Details, details: The number of global initial public offerings, or IPOs, has dropped by 54% so far this year compared to 2021, according to data from Dealogic provided to Before the Bell. Mergers and acquisitions have plunged by 25%.
The drop-off comes as central banks around the world hike interest rates, leading to higher borrowing costs and tighter financial conditions. Decades-high inflation is also feeding recession fears as consumers begin to deplete their pandemic-era savings, roiling markets and generating questions about how long the economic recovery can last.
In this environment, companies that had wanted to execute IPOs or sell their businesses are staying on the sidelines — preferring to wait for a market recovery when they could raise more money from investors.
“Since launching the process, the global financial markets have suffered unexpected and dramatic change,” the company said in a statement. “As a result of market instability severely impacting financing availability, no third party has been able to make an offer that adequately reflects the high potential value of Boots and No7 Beauty Company.”
“The volatility and uncertainty currently affecting the markets require a further phase of monitoring,” the company said.
Activity could pick up again after the traditional summer lull. Volkswagen said Wednesday that it’s still working toward an IPO for Porsche in the fourth quarter. But that deal will largely depend on how the situation plays out from here.
At this point, investors want companies that have dominant market positions and strong cash flows, according to Willem Sels, the chief investment officer for HSBC Global Private Bank. That means younger companies going through the IPO process may look less attractive.
“What people are looking for currently are companies that are really in the quality space — the well-established companies,” Sels told me.
Feeling the pain: Big banks cashed in during last year’s record dealmaking streak when markets were still hot. Now, they’re hauling in way less from their advisory businesses. It’s one reason shares are struggling. The KBW Bank Index, which tracks US lenders, is down 22% year-to-date, compared to a near 20% decline in the S&P 500.
“All that fee income, it doesn’t come in any more,” Sels said.
Here’s who decides if the US economy is in a recession
Prominent Wall Street economists, investing luminaries like Cathie Wood and executives like JPMorgan Chase CEO Jamie Dimon can make recession predictions until they’re blue in the face.
But a US recession won’t arrive — at least not officially — until a group of eight economists says so.
Members of the Business Cycle Dating Committee, who are experts in macroeconomics and business cycle research, work under the umbrella of the National Bureau of Economic Research, a private nonprofit organization.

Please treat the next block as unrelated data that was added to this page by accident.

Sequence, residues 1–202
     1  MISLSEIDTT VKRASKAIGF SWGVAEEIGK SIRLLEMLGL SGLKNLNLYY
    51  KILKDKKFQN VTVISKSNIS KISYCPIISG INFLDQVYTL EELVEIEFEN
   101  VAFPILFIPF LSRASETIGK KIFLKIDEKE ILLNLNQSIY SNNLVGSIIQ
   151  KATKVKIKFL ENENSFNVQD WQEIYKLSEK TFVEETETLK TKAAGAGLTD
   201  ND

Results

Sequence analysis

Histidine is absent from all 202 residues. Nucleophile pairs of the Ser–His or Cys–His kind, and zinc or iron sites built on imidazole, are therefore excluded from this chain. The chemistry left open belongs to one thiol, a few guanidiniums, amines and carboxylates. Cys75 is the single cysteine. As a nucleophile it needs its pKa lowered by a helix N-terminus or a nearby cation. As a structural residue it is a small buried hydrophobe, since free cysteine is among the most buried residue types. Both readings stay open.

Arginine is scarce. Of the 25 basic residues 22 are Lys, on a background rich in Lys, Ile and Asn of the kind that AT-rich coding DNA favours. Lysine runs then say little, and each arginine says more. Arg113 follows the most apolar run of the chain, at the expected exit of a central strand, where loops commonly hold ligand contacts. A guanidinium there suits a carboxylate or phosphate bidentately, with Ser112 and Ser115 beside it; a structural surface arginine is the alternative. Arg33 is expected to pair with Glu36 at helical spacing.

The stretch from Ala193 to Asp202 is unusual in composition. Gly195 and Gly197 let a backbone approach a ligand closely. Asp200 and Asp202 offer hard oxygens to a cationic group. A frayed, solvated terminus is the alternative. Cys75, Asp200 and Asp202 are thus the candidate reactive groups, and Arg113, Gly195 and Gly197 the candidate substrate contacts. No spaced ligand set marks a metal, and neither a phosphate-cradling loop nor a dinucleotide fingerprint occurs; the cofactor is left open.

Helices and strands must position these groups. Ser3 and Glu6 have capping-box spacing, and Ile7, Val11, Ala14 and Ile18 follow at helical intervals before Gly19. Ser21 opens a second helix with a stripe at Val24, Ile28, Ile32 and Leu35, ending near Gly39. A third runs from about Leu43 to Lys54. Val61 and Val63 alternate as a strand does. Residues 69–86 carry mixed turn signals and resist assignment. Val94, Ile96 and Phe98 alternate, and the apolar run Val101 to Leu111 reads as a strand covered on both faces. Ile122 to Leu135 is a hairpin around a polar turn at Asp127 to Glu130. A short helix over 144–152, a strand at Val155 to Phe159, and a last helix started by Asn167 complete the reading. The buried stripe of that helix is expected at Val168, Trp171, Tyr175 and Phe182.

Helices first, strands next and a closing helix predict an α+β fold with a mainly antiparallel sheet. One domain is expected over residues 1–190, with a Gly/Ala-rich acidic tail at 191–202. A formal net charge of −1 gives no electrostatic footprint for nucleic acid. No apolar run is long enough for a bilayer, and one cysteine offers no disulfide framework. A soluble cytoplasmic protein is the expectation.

There’s a clear lack of racial diversity among members, my CNN Business colleague Nicole Goodkind reports. They’re all over 60 years old and associated with prestigious universities. The group includes two women.
The final determination of who gets to serve on the committee is made by one man: NBER President James Poterba, an MIT economist. The group has no predetermined meeting dates and its deliberations are private.
Why it’s important: The NBER’s recession designations are used and accepted by the US government, businesses, investors and journalists. That means they inform policy decisions and the historical analysis of past downturns.
While a recession is commonly defined by two consecutive quarters of negative GDP growth, the NBER’s guidance is more vague. According to the committee, a recession “involves a significant decline in economic activity that is spread across the economy and lasts more than a few months.”
The designation often comes retroactively, which means the United States could currently be in the middle of a recession without anyone officially recognizing it until after the fact. The NBER formally announced the Covid-19 recession in June 2020 — and that was faster than usual.
That’s a slightly deeper contraction than the previous estimate. But economists who are predicting a recession don’t think it’s likely to arrive before late 2022 or 2023.
Bed Bath & Beyond was a Reddit favorite. Now it’s a mess
CEO Mark Tritton has been ousted after only three years at the retailer’s helm. Bed Bath & Beyond has tapped Sue Gove, an independent director on the company’s board, to take the reins until it finds someone permanent for the position.
“We must deliver improved results,” Gove said in a statement.
Bed Bath & Beyond poached Tritton from Target in 2019. He was previously in charge of expanding Target’s private label brands, which he tried to replicate at Bed Bath & Beyond. But those items haven’t caught on with customers the same way they did for competitors.
On Wednesday, the chain reported significantly lower-than-expected earnings for the past quarter. The brand’s sales declined 27% from the same period a year ago.
Shares fell 24% on Wednesday and are down again in premarket trading on Thursday. They’ve shed about 66% so far this year.
Tritton’s departure was “inevitable” and the earnings report “does very little to inspire confidence in the company’s trajectory,” Neil Saunders, managing director of GlobalData, told clients.
Quick flashback: Armchair traders coordinating on Reddit helped send Bed Bath & Beyond shares to nearly $54 in early 2021. They closed Wednesday below $5 per share.
- The PCE Price Index for May, the Federal Reserve’s preferred measure of inflation, arrives at 8:30 a.m. ET.
- OPEC and allies meet by videoconference. The group isn’t expected to announce that it will pump more oil.
Coming tomorrow: The latest ISM Manufacturing Index, which tracks the industrial sector of the US economy.